- What is ricin?
- Who might get ricin poisoning?
- What are the signs of ricin?
- What treatment is available?
- Who should I contact for more information?
The September 11 terrorist attacks on America have raised concerns about the risk of bioterrorism in many countries. In January 2003, a number of people were arrested in London. A quantity of material and items of equipment were found at a residential premises where one of the men was arrested. A small amount of the material recovered tested positive for the presence of ricin poison.
What is ricin?
Ricin is lethal to most species even in small amounts. It is a protein toxin that is derived from castor oil seeds. It inhibits protein synthesis and has widespread toxic effects on the body. Ricin has been considered as a potential chemical warfare agent.
Who might get ricin poisoning?
There has been relatively little human experience with ricin toxin. Poisoning could occur following inhalation, ingestion or injection of the toxin.
Accidental poisoning with ricin has occurred following ingestion of castor oil seeds. Ricin is poorly absorbed following ingestion, one to three beans chewed by a child, or as few as eight seeds chewed by an adult may be fatal.
Exposure to concentrated ricin particles in the air is only likely during an act of terrorism, where a number of people could experience the signs and symptoms at one place and time.
What are the signs of ricin?
Diagnosis of ricin is based largely on symptoms. The early stages of ricin intoxication are difficult to distinguish from those of some infections and the diagnosis should be considered in a situation where there is suspicion of an act of terrorism.
The following are some of the possible symptoms: Onset of symptoms may be delayed after absorption via any route. Fever is common. Death may be due to multi-organ failure.
Ingestion would typically cause irritation of the oropharynx and oesophagus, and gastroenteritis. Irritation and conjunctivitis may occur. Miosis, mydriasis and optic nerve damage have been reported. Other symptoms to watch out for are:
* Bloody diarrhoea, vomiting and abdominal pain.
* Pulmonary oedema, pneumonia and ARDS.
* Seizures and Central Nervous System depression.
* Fluid loss may cause tachycardia.
* Allergic responses have been reported following exposure to castor oil beans.
* Abnormal liver function tests, including raised transaminases occur.
* Haematuria, proteinuria and elevated creatinine.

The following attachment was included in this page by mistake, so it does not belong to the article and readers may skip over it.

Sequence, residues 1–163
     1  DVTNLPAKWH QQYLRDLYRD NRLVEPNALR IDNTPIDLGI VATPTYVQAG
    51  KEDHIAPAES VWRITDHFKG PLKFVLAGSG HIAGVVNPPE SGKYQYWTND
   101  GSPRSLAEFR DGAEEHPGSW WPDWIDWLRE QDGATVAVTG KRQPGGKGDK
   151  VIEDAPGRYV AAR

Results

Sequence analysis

What treatment is to be provided?
Treatment is symptomatic and supportive. No antidote is available for the treatment of ricin poisoning.
Patients with symptoms should be admitted. Patients who are thought to have ingested ricin should be admitted for observation. Patients who are thought to have ingested ricin and remain asymptomatic (no symptoms) after eight hours may be discharged.
Patients who are thought to have been exposed by aerosol should be admitted for observation, even if asymptomatic. Patients who are thought to have been exposed by aerosol and remain asymptomatic after 24 hours should be discharged.
In the unlikely case of aerosol contamination, patients should be removed from the source of exposure. All the patients clothing and personal effects should be removed. Skin decontamination should be carried out using a rinse-wipe-rinse regime with dilute detergent.
Contaminated clothing should be placed in clear, labelled, sealed bags to prevent further contamination. Casualties should subsequently don clean clothing e.g. paper suits.
If eyes are exposed, contact lenses should be removed and irrigate thoroughly with running water or saline for 15 minutes.
Casualties exposed only via ingestion do not require whole body decontamination.
Personnel must not enter a contaminated area without full personal protective equipment including respiratory protection.
Who can I contact for more information?
Should you have concerns, further information is available from the National Poisons Information Centre at 01 8379964.
*This information on ricin has been produced by medical officers at the Department of Health and has been distributed to all health boards in Ireland.
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